- Genetic Analysis Launches New DNA-Based GA-map™ IBS Dysbiosis Test at UEGW 2013
Product News: Genetic Analysis Launches New DNA-Based GA-map™ IBS Dysbiosis Test at UEGW 2013Norwegian molecular diagnostics company Genetic Analysis yesterday launched the GA-map™ IBS Dysbiosis Test at the United European Gastroenterology Week in Berlin. In a major breakthrough, the DNA-based test makes it possible, for the first time, to effectively and on a routine basis analyze the composition of the gut microbiota (bacteria profile) and any dysbiosis.
Genetic Analysis CEO Kari Stenersen explained the background to the test: Numerous studies have suggested the role of gut microbiota in IBS, However, it is only recently that links between dysbiosis and IBS have been explored and therefore we thought it would be valuable to investigate how important dysbiosis (imbalance in microbiota) is for IBS. Working with leading experts in Scandinavia and Europe, we therefore initiated a series of studies in order to document the use of the GA-map™ IBS Dysbiosis Test in various IBS patient populations. We found that dysbiosis frequency in IBS patients ranged from 48-86% between the clinics. On average, 71% of the IBS patients experienced dysbiosis. The trials have now been extended with feedback from participating investigators backing our decision to bring GA-map™ IBS Dysbiosis Test to market.”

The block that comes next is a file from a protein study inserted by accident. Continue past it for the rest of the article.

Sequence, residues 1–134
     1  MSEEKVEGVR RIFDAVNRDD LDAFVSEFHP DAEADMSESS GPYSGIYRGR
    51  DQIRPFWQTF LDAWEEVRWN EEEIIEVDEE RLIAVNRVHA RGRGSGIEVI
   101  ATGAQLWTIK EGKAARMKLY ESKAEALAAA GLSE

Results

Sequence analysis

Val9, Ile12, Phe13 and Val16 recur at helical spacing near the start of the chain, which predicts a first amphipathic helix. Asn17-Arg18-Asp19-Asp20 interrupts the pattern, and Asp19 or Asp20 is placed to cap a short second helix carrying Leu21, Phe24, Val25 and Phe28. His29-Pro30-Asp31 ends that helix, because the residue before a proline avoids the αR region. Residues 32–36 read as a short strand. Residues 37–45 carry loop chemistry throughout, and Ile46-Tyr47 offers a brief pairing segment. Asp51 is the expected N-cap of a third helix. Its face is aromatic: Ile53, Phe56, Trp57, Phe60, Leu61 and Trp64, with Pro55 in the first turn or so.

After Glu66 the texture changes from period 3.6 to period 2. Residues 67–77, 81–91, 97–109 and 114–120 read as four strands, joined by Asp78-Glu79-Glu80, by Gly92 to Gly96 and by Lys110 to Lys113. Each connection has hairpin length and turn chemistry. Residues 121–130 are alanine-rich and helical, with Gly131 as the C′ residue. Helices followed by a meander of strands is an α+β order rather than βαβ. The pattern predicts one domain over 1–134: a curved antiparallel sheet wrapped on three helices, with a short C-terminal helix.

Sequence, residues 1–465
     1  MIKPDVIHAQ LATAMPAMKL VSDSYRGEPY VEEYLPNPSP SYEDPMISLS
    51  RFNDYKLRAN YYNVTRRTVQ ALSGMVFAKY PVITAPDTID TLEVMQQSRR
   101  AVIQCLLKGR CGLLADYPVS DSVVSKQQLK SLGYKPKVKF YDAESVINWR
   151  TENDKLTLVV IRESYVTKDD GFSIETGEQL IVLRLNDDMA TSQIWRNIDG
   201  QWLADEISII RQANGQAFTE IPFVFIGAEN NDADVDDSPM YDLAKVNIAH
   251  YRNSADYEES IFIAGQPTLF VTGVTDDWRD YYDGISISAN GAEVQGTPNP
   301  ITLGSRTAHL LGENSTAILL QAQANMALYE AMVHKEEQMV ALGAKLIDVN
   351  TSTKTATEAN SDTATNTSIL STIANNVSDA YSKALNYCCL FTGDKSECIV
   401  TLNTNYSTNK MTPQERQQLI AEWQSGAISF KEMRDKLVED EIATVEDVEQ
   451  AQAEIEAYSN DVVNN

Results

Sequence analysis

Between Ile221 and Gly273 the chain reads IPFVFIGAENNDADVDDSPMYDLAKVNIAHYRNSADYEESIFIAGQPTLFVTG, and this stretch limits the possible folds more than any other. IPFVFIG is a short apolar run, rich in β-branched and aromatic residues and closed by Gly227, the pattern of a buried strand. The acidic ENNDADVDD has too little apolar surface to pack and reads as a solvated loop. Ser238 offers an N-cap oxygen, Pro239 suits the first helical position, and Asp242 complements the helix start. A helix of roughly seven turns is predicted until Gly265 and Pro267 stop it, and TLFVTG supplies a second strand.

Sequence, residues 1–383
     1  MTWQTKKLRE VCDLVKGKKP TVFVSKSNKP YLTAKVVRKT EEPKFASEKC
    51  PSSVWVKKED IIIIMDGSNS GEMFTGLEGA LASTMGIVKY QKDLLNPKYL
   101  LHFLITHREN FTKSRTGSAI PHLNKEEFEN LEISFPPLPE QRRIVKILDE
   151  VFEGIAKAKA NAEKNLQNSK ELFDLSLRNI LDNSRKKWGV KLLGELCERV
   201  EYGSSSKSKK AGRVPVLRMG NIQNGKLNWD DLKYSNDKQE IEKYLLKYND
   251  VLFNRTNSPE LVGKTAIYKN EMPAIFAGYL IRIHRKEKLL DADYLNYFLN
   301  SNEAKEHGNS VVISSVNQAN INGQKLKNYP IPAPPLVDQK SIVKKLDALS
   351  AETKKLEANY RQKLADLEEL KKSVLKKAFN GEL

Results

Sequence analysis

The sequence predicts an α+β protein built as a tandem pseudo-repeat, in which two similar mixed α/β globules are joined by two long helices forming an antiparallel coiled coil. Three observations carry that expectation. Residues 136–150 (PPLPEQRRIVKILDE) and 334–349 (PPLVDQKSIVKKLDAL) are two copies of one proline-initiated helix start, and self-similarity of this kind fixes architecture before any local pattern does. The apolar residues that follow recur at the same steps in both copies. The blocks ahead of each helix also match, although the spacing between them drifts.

The GA-map™ IBS Dysbiosis Test can be run in any molecular diagnostics laboratory. Target DNA is first isolated from patient stool samples. Then conserved regions of the bacterial 16S rRNA gene are used as templates to amplify the more variable regions in-between that are unique for different bacteria. The final result is based on the patient’s microbiota profile and an algorithm specifically made for assessing dysbiosis in IBS patients.
“Within 72 hours, the physician will be able to receive results and prescribe appropriate treatment,” continues Stenersen. “The GA-map™ IBS Dysbiosis Test will be CE-marked at the end of the month and rolled out during the rest of the year in Europe, followed by a US FDA application early 2015,”